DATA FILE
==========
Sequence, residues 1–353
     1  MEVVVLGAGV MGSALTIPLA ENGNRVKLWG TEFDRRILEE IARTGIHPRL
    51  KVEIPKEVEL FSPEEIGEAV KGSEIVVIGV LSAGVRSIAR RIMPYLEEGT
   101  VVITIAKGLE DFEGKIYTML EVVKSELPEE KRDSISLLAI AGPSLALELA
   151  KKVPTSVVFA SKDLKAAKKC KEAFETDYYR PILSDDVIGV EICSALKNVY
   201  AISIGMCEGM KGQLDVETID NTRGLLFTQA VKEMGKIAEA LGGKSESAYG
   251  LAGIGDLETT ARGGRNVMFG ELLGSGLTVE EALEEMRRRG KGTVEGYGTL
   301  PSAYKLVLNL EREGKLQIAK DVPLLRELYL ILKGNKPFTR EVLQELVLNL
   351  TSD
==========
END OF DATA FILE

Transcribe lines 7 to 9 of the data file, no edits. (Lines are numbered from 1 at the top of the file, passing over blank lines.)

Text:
   251  LAGIGDLETT ARGGRNVMFG ELLGSGLTVE EALEEMRRRG KGTVEGYGTL
   301  PSAYKLVLNL EREGKLQIAK DVPLLRELYL ILKGNKPFTR EVLQELVLNL
   351  TSD